(4). The next steps are: uncoating of the outer shell, transcription in the core complex (dsRNA tomRNA), protein synthesis, new core assembly, minus strand transcription, secondarytranscription followed by assembly and release (4). The release of the reovirus is through lysis,since the virus is unenveloped and cannot bud out of the membrane. Almost all adults have beenexposed to reoviruses at some point in their lives, but it is asymptomatic due to the host responsein cells (2). The dsRNA is a potent inducer of interferon, which in turn induces double-strandedRNA-dependent Protein Kinase R (PKR) (5). This PKR response blocks translation of reovirusesand prevents the replication and lysis of cells (2). Thus, the detection of reoviruses is onlythrough serological means normally (3). However, PKR regulation is affected in cancer cellswith mutated Ras pathways (2). Ras downregulates PKR function, in turn allowing reovirustranscription and protein synthesis to increase (2). This increase results in replication and celllysis of cancer cells with mutated Ras pathways (2).
Reolysin Case Study
The findings made by Thompson and Lee at the University of Calgary promoted the creation of Oncolytics Biotech, with their key biologic drug being Reolysin (6). Reolysin is a formulation of reovirus serotype 3, which is produced in HEK293 cells and grown in animal-free cell culturemedium in 20L stirred bioreactor tanks (7). This process is followed by a generation of a lysate,ultrafiltration, purification, polishing and sterile filtration (7). The creation of this formulation isallowing the expansion from small scale clinical trials, to larger phase 3 clinical trials, whichneed industrial scale processes (7). The route of administration of Reolysin is intravenously andwas applied to both pre-clinical animals (mainly mice) and humans in clinical trials.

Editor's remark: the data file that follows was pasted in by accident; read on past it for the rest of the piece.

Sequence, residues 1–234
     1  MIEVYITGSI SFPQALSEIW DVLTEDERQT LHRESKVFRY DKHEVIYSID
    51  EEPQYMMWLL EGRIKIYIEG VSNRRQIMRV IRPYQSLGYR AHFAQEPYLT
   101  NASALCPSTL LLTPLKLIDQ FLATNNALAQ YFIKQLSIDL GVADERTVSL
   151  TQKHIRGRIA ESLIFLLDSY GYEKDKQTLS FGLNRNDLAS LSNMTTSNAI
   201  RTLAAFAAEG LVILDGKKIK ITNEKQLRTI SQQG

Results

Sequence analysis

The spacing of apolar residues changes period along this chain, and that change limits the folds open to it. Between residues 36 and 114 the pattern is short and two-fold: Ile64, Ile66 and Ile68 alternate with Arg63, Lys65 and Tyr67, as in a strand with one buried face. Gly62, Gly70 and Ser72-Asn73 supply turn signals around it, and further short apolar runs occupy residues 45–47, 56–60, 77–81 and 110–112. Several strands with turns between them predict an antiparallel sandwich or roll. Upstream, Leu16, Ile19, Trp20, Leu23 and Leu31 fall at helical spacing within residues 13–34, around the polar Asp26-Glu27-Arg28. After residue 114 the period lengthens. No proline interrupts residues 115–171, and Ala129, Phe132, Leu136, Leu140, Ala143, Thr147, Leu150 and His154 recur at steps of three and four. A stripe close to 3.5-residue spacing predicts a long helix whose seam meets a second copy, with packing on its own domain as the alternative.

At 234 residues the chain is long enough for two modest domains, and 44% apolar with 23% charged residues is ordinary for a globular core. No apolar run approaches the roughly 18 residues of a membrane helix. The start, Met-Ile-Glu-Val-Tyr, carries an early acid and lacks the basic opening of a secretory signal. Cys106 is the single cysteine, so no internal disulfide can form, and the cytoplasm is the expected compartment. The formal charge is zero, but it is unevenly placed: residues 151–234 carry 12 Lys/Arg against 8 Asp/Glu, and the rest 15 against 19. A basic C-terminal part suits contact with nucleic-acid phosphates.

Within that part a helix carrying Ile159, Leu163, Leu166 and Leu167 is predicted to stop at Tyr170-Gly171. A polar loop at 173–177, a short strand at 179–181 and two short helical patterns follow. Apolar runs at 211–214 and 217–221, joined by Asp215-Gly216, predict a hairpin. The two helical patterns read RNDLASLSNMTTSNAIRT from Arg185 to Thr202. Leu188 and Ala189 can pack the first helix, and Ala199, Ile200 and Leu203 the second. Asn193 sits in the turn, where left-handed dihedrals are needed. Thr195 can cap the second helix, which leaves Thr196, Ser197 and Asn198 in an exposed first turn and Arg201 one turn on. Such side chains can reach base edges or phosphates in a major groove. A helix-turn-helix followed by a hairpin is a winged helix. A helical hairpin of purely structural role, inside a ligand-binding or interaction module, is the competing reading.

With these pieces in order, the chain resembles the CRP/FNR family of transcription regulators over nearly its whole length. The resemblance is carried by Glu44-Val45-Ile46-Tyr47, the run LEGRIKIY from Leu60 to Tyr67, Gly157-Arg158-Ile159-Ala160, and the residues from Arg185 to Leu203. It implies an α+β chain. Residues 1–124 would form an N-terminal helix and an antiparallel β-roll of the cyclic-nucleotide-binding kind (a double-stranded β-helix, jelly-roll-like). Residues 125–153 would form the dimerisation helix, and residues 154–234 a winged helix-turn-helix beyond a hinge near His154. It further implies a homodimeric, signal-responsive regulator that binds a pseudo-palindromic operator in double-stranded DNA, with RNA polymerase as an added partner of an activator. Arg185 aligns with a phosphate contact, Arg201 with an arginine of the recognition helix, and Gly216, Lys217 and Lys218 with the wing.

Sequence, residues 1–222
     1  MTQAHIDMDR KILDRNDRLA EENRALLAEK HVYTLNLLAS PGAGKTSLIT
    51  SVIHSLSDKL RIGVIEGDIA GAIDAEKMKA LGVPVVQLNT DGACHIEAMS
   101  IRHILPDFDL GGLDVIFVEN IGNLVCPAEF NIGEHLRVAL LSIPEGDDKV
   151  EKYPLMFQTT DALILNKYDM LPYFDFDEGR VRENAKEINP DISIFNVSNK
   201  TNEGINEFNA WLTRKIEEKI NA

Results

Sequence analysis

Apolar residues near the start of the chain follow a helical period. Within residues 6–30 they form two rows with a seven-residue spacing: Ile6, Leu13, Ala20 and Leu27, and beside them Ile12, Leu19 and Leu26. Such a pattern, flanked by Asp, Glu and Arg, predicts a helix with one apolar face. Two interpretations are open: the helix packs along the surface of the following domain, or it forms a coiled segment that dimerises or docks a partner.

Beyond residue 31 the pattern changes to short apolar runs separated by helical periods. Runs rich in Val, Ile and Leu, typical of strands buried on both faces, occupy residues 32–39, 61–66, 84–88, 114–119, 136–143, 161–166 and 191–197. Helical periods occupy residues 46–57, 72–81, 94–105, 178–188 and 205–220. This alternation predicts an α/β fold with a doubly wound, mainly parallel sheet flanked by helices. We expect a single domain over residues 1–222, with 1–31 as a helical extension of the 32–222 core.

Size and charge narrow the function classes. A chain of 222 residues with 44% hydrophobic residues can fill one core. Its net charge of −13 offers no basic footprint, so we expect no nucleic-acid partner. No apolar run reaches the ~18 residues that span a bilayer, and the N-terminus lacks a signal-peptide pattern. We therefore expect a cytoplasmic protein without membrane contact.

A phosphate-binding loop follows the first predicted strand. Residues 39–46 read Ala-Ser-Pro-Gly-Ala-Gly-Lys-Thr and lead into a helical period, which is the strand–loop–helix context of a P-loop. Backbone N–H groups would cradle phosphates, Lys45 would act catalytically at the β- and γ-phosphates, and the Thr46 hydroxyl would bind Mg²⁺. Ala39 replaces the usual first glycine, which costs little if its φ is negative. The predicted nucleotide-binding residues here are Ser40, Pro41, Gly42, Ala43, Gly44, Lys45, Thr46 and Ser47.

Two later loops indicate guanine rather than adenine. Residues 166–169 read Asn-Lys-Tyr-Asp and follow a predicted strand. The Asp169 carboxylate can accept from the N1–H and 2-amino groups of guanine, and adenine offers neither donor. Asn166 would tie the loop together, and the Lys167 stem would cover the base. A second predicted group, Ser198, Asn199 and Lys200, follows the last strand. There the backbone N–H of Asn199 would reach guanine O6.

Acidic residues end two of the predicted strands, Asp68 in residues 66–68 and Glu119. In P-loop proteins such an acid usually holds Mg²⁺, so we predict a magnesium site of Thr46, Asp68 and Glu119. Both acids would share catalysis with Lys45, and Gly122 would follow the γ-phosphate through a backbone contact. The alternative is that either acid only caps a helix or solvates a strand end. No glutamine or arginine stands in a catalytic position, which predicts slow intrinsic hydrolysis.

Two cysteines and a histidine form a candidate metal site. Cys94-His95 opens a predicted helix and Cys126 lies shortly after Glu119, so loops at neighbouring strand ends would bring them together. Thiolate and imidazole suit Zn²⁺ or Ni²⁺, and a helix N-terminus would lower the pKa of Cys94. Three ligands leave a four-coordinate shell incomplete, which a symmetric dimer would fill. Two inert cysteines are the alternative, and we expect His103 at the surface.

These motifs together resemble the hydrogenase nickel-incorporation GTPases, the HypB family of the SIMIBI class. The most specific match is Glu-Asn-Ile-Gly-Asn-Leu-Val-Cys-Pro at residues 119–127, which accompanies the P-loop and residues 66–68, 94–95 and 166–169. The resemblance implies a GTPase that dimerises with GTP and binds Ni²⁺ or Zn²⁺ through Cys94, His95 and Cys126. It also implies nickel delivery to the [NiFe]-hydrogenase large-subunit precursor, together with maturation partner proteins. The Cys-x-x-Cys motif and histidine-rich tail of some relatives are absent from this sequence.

Clinical Trials of Reolysin
The naturally occurring reovirus (Respiratory Enteric Orphan Virus) showed promising resultsfor it to be marketed during its pre-clinical stage. A study done by Dalhousie Universityexamined the reovirus in a study,